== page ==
The Royal Ballet
December 16th 2009
There is something quite infectious about The Nutcracker; no matter how many times you’ve seen it before the magic, sparkle and snow will get you every time. Everything glitters and resistance is futile.
The Royal Ballet’s production is full of magic, brought about by Gary Avis’ interpretation of Drosselmeyer. He is a dancer who compels you to watch even when he’s perfectly still, so give him a cloak and the stage and who needs the tricks ?
Everyone loves the children in Act 1, and the students of the Royal Ballet School, White Lodge, danced with absolute joy, whether they were toy soldiers, mice or Gingerbreads. The Christmas Angels, present in all the important transformational scenes, are danced by the students of the Upper School, seemingly on wheels.
The first three scenes are full of props and tricks, and I thought that Paul Kay as Clara’s partner, at her parent’s party, danced with ease and easily outshone Harlequin, Columbine, Vivandiere and the Soldier. I’ve seen them all look sharper than this.
Once Clara, Iohna Loots, has defeated the Mouse King by bashing him on the head with her shoe, it’s time for a lovely pas de deux with Hans-Peter/The Nutcracker Ricardo Cervera. I’ve seen Cervera in this role many times and he always dances fully with the music, beginning the adagio solo with such ardour that Clara can’t help but melt. I’m not convinced that Loots is a great turner, and Cervera had his hands full keeping her on balance and avoiding flying feet. I do worry that Cervera is forever stuck in this role – with some rehearsal surely it is time for him to be cast as The Prince ?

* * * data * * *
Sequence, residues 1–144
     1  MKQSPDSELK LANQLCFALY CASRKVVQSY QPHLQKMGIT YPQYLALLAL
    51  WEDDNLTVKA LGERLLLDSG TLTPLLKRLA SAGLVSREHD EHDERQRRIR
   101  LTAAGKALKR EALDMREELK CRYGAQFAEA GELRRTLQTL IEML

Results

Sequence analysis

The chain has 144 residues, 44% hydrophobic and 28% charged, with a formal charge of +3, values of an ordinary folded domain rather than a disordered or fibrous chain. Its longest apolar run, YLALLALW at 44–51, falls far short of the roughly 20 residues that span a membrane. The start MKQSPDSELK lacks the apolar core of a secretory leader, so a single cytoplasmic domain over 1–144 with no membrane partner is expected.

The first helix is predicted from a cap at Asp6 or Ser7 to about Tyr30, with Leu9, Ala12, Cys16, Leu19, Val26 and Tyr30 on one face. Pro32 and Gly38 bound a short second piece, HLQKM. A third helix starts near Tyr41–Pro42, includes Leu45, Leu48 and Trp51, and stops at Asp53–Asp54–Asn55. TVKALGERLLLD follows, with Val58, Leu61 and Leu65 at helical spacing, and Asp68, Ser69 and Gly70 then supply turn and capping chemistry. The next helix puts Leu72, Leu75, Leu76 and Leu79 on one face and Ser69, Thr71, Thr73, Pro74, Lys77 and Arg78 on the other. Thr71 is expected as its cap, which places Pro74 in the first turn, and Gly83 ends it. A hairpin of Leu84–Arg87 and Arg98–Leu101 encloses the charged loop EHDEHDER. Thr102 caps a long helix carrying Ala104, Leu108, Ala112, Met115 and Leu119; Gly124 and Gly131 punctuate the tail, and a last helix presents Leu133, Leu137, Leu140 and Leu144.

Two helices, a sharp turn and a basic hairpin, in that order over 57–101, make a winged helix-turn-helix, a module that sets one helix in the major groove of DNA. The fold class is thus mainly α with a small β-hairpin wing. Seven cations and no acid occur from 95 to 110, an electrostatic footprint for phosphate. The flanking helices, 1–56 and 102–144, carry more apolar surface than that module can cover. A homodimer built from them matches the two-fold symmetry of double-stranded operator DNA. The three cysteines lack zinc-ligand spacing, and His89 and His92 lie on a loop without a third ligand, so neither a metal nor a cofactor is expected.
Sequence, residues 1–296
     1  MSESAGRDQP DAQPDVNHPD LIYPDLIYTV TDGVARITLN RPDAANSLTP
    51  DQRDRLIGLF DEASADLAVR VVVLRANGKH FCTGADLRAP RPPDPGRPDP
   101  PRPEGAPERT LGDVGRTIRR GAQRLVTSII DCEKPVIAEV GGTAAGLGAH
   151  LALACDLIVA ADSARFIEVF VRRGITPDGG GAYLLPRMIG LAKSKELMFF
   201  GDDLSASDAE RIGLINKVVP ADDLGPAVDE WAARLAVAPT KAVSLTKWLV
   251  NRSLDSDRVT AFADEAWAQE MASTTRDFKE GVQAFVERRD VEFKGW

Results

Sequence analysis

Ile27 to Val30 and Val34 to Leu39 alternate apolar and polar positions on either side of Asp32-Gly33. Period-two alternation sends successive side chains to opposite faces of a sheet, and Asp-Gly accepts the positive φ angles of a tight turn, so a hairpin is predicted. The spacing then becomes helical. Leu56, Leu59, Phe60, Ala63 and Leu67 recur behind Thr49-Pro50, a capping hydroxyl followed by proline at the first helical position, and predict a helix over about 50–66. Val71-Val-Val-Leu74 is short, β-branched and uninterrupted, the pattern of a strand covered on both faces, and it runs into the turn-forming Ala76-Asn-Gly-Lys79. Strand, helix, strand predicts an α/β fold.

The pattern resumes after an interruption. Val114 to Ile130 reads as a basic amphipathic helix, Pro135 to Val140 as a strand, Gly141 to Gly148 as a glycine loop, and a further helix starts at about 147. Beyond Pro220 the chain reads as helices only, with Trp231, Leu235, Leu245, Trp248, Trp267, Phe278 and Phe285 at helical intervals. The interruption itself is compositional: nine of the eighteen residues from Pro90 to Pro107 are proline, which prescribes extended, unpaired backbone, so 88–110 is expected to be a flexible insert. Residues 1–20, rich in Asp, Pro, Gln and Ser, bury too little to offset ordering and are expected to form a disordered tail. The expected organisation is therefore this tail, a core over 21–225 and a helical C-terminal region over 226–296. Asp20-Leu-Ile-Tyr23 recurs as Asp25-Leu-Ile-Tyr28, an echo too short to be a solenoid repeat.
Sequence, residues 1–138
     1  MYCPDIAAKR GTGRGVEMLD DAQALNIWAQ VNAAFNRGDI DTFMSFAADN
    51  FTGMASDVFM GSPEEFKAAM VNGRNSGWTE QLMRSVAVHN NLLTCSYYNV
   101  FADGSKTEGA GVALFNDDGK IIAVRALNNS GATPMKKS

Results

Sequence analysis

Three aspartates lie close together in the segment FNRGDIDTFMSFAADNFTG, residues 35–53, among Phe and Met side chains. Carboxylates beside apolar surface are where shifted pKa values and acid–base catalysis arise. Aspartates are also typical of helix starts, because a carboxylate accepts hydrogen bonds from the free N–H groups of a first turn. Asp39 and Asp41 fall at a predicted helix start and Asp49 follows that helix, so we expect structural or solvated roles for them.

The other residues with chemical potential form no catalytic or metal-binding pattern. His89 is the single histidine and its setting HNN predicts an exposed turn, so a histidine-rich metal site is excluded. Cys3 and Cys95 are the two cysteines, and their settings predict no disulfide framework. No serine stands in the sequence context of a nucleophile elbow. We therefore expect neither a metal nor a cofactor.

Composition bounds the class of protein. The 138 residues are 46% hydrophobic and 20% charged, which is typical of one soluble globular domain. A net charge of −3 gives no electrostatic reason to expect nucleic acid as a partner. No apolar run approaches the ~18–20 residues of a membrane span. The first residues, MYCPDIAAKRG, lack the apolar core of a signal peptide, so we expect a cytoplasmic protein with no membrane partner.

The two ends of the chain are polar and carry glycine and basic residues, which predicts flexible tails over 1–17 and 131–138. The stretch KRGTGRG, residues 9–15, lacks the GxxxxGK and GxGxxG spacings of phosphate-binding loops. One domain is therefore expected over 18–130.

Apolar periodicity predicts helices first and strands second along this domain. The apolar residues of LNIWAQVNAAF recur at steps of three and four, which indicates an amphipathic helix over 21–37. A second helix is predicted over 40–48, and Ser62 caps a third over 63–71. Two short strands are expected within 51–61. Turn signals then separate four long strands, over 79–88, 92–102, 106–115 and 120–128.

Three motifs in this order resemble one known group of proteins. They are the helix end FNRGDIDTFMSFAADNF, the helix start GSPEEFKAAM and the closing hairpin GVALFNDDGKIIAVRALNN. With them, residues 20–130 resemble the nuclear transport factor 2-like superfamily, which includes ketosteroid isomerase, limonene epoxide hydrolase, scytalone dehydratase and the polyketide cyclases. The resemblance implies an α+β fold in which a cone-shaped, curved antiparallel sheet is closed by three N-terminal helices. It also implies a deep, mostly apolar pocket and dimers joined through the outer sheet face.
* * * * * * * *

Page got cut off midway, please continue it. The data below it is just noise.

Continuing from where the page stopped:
Melt she does, and the Christmas Angels guide them to the Land of Snow. The corp de ballet are always impressive here, the swirlingly uplifting music, the brilliant white glittering costumes, the interaction with Clara and The Nutcracker, and finally all the snow – filling every inch of air if that’s possible.
There were some cast changes in Act 2 but our celebrated couple journey to the Kingdom of Sweets with the help of Drosselmeyer, arriving in the Sugar Garden of the Palace to meet the Sugar Plum Fairy and her Prince. No doubt about it – the tickets sold out long ago because of the chance to see Alina Cojocaru and Johan Kobborg in these roles. Both started nervously but had the divertissements to master them.
The Russian Dance, with Tristan Dyer and James Hay, was particularly good, Cervera joining in – I like the way that Clara and The Nutcracker dance a soupçon of each divert. Avis is an instrumental figure again here – providing a clue as to the next dance or gesturing for the audience to be quiet. This he did before the Arabian Dance, where Johannes Stepanek was mesmerizing.
The Dance of the Mirlitons is an audience favourite, and Leanne Cope used every single beat of the music to maximum effect. Her facial expressions & her timing were absolutely on the money.
Laura Morera, as the Rose Fairy, brought vivaciousness and brilliance. The choreography suits her personality and she lit up the stage effortlessly.
Cojocaru and Kobborg hit their stride for the Grand pas de deux. Cojocaru is tiny but her arms have a regal grace which is so essential in this role. Kobborg is an exemplary partner, though I did think some of the steps had been changed, perhaps to accommodate Cojocaru’s recovery from injury. Nevertheless theirs is a great partnership, eminently watchable, though Kobborg in particular looked to be gasping for breath at times. Who wouldn’t ? The solos are a test for both – Cojocaru with the Gargouillades and Kobborg with fast turns and high jumps.
By the end, with the whole company on stage, everyone looks to be having a ball, and you’ll find yourself hoping for snow (it’s forecast) with feet itching to waltz out into the Piazza. What better way to twirl yourself into Christmas ?